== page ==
In hockey, it's hard to go from the outhouse to the penthouse, because playoff contenders refuse to move out.

Of the 16 teams that made the 2022 Stanley Cup playoffs, 12 of them were in the midst of multiyear postseason appearance streaks. If you include the COVID-19 bubble qualification series in 2020 -- when the NHL allowed 24 teams to advance to the postseason -- the Pittsburgh Penguins haven't missed the playoffs since the 2005-06 season, when Sidney Crosby was a rookie. The Washington Capitals and Nashville Predators have eight-season streaks. The Boston Bruins and Toronto Maple Leafs have qualified in six straight seasons.

The Colorado Avalanche (5), Tampa Bay Lightning (5), Carolina Hurricanes (4), St. Louis Blues (4), Edmonton Oilers (3), Florida Panthers (3) and Minnesota Wild (3) all have streaks going. The only postseason newbies last year: the Calgary Flames, Dallas Stars, Los Angeles Kings and New York Rangers. And the Stars played for the Stanley Cup in 2020!

Meanwhile, take a look at the 10 worst teams at the end of the 2019-20 season. Only two have qualified for the Stanley Cup playoffs since then: the Montreal Canadiens, who emerged from the all-Canadian North Division to play for the Cup in 2021 before spiraling into a rebuild; and the Kings, who made the playoffs last season for the first time since 2017-18.

Yet every year, there's hope -- that one of the "sure things" falls down the standings to open up a playoff spot for an upstart. That one of the lottery teams is suddenly ahead of schedule on its rebuild and surprises with a playoff berth.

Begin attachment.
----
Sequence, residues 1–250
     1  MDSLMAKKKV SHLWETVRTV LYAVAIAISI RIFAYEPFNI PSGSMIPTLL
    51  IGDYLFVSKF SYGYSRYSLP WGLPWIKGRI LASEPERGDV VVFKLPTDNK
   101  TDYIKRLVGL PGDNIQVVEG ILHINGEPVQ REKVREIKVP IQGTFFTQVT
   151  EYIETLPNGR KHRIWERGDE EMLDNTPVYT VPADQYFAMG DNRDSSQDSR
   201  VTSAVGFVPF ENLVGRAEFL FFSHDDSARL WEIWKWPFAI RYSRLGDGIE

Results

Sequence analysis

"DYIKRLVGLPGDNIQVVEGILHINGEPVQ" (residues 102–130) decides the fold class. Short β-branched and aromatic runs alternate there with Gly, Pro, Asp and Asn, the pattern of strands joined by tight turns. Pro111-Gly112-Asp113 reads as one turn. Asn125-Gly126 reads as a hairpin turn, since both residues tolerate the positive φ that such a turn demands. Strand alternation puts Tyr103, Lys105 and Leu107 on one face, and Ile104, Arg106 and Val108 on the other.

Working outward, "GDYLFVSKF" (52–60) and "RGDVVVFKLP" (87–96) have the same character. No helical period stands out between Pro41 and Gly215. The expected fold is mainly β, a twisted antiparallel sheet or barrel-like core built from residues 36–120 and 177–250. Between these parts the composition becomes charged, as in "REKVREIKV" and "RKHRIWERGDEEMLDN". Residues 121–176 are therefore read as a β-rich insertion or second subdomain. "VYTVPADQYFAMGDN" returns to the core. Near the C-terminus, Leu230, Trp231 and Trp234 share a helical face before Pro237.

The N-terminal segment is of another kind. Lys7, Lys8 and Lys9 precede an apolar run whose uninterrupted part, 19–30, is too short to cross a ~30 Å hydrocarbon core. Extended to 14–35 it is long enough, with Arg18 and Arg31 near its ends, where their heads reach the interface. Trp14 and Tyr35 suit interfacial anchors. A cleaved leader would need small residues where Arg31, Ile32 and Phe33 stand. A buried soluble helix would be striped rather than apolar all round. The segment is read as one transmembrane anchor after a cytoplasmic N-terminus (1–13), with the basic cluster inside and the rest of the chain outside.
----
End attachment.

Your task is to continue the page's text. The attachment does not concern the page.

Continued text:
Here's a look at the most likely candidates to miss the playoffs -- and the most likely to leap into those open spots -- in each division for the 2022-23 season.

 

ATLANTIC DIVISION

Most likely to miss: Toronto Maple Leafs

In their past two seasons, the Maple Leafs posted their two best regular-season points percentages in franchise history, including last season's .701 to earn them second in the Atlantic. Auston Matthews scored 60 goals and won his first Hart Trophy. Mitchell Marner had career bests in goals (35) and points (97). So did William Nylander, who scored 34 goals and 80 points. Their top four on defense remain solid. Their supporting cast at forward might be better year over year. GM Kyle Dubas, who doesn't have a contract beyond this season, has the Leafs' roster loaded, even if their heads are slamming against the salary-cap ceiling.

Except in goal.

The Maple Leafs amassed 115 points last season despite the 21st-best team save percentage in the NHL (.900), which would have been much worse than that were it not for Jack Campbell's .914 save percentage in 49 games. He's now a member of the Edmonton Oilers. Lacking other options, Dubas reshaped his goaltending battery into former Capitals goalie Ilya Samsonov, whom Washington let leave as a restricted free agent, and former Senators goalie Matt Murray, whose relationship with Dubas dates back to their junior hockey days with the Sault Ste. Marie Greyhounds.

Over the past three seasons, Samsonov and Murray have combined for 7.4 goals saved above average. For comparison's sake, Boston netminders Jeremy Swayman and Linus Ullmark combined for 45.7 goals saved above average in that span. Even last season's Leafs battery of Campbell and Petr Mrazek combined for 31.2.

Toronto is a team with Stanley Cup aspirations that is playing a hunch in goal. Even with Florida coming back to the pack and Boston nearing the closure of its contention window, that goaltending might have the Leafs on the shakiest ground. They've shown they can win despite their goaltending. But can they win despite this goaltending?